Union ministry of surface transport

Saboteur-in-chief. Is responsible for making procedures. Has botched them up, discouraging those keen on CNG

 
Last Updated: Sunday 28 June 2015

Union ministry of surface transport

-- The Union ministry of surface transport (most) frames vehicular emission norms and notifies certification procedures for vehicles, as per the Central Motors Vehicles Act (cmva). The emission norms for converted cng buses were notified on February 9, 2000, more than one and half years after the sc order of July 28, 1998. That, too, after a great deal of hesitation. The ministry didn't set a deadline for itself to notify testing and certifying procedures for converted cng buses -- its primary responsibility. It should have been ready with the rules and regulations immediately after the order, especially because cng as an automotive fuel has been an option since 1994 under the cmva . Yet most did nothing to notify the procedures for safety testing, roadworthiness and certification for the past five years. The minister in charge when the process for drafting norms was to begin was Rajnath Singh, now the chief minister of Uttar Pradesh. The minister in charge now of most is B C Khanduri.

On February 22, 2000, Ashoke Joshi, secretary to most , wrote to the Environment Pollution (Protection and Control) Authority (epca), constituted to monitor the sc order's implementation and advise the court, saying that cng was too expensive an option. He argued in favour of improved diesel buses: "The majority of members present in the meeting (also attended by dtc representatives) were of the view that more economical and efficient route is to adopt emission norms akin to Euro ii for heavy vehicles." This comment shows that the Supreme Court order meant nothing for Joshi.

After complaints from the Delhi government and prodding by epca , most relented into a slow trot. But the process was already on the way to get derailed. The problem first surfaced when Rare Technologies, a Delhi-based company, converted two pre-1991 buses of the Delhi Transport Corporation (dtc) in April 1999. The company was required to get these tested by the Indian Institute of Petroleum (iip) in Dehradun. iip tested the bus for only emissions but it could not certify those emissions as most had not spelt out the emission norms for converted buses. " most has not yet notified the emission norms and certification procedures," iip informed the Delhi transport minister, Parvez Hashmi. The epca took matters in its hands in July 1999. It held a series of meetings with all the stakeholders. Those who attended included the representatives of the Gas Authority of India Ltd (gail), State Transport Authority (sta), dtc , most , iip and Rare Technologies. It was clear that most was responsible for preventing the implementation of the order. The ministry's response -- or the lack of it -- for the next five months only shows that it just doesn't want to work.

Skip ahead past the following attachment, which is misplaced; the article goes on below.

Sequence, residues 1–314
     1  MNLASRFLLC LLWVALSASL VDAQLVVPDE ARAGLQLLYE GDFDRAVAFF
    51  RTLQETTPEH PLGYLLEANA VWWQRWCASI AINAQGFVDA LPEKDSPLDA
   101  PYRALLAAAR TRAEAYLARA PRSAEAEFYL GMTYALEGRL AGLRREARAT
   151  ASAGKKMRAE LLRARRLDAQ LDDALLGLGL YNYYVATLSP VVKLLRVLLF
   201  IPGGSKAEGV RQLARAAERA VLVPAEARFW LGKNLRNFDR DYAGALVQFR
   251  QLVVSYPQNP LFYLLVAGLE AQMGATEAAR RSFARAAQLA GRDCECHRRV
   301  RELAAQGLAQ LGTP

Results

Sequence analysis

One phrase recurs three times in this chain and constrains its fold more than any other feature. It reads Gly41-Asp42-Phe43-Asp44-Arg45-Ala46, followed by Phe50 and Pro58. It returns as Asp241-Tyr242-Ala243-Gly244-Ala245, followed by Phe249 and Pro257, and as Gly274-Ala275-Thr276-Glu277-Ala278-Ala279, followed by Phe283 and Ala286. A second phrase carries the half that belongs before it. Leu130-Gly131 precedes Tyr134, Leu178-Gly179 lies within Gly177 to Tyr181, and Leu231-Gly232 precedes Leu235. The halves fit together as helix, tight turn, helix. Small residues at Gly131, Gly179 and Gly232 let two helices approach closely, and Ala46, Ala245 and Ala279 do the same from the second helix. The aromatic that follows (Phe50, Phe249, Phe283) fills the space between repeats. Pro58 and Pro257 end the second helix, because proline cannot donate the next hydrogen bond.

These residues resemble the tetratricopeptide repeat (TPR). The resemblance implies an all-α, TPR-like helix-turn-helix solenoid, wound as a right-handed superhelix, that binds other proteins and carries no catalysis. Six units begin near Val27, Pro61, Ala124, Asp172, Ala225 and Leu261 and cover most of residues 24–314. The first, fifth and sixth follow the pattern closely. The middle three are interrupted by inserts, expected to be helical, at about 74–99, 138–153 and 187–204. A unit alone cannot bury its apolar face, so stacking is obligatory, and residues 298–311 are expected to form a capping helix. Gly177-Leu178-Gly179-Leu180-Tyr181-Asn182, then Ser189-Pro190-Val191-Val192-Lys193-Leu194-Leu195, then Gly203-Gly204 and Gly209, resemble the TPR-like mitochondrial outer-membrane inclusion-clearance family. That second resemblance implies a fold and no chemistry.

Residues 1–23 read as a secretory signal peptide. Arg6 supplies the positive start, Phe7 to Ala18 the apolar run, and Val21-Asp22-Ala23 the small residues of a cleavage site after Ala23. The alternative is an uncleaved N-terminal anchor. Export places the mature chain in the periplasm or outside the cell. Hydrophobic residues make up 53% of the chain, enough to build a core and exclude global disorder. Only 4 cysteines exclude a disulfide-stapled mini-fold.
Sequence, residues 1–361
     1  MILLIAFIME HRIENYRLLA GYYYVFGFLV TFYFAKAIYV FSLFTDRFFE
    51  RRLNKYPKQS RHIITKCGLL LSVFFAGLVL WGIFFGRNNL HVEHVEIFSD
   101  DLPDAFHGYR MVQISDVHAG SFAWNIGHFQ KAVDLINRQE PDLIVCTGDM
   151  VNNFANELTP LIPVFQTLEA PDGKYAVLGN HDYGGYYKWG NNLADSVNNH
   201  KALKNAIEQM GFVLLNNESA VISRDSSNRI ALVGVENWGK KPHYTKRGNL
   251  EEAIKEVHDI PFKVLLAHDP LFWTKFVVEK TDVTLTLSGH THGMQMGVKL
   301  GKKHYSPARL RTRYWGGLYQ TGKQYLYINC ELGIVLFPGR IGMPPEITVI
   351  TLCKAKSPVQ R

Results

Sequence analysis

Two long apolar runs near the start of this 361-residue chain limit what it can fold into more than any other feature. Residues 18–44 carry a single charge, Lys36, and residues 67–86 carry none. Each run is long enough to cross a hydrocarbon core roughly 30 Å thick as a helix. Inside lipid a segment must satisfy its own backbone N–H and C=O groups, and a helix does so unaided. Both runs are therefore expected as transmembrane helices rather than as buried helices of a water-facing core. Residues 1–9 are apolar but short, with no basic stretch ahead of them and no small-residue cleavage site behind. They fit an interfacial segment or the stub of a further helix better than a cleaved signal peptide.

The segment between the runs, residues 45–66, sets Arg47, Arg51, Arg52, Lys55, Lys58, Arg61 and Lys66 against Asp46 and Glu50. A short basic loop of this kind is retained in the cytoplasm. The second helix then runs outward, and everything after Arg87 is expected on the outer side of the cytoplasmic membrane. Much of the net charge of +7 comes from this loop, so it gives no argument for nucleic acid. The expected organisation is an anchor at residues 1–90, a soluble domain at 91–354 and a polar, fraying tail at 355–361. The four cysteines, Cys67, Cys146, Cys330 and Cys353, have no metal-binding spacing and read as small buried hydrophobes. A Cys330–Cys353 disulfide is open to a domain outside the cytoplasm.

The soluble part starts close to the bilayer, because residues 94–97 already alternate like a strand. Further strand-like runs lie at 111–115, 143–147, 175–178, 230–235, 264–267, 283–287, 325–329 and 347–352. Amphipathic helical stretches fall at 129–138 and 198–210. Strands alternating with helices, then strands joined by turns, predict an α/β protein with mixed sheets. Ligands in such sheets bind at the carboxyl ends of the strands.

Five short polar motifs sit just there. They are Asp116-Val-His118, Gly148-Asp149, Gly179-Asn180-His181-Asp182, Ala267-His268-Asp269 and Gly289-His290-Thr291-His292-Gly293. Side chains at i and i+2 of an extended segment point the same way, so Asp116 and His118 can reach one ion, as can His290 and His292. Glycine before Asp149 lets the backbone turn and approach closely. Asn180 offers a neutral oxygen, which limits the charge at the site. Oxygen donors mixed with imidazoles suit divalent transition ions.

Underhand measures
Rare Technologies alleges that when taken to task, most sent a backdated letter to prove that it had already informed the testing agencies about provisional certification. Another letter from most , dated August 12, 1999, followed. This letter -- again suspected to be backdated -- gave provisional emission norms for certification. Key people in several government agencies confirmed to Down To Earth that these provisional norms were issued only in September. The ministry held a meeting with all stakeholders on September 2, 1999, as there were "certain points [in the iip emission test report] on which detailed clarifications are necessary both from the converting company [Rare Technologies] as also the test agency." K R Bhati, additional secretary to most , again opened the issue of provisional certification, already discussed with the epca in a meeting on August 24. Bhati is reported to have said in the meeting that there is no provision for a preliminary or provisional certification in the rules set by cmva and no such permission can be given. most had even advised the Delhi government to file an affidavit in sc for extension of the deadline.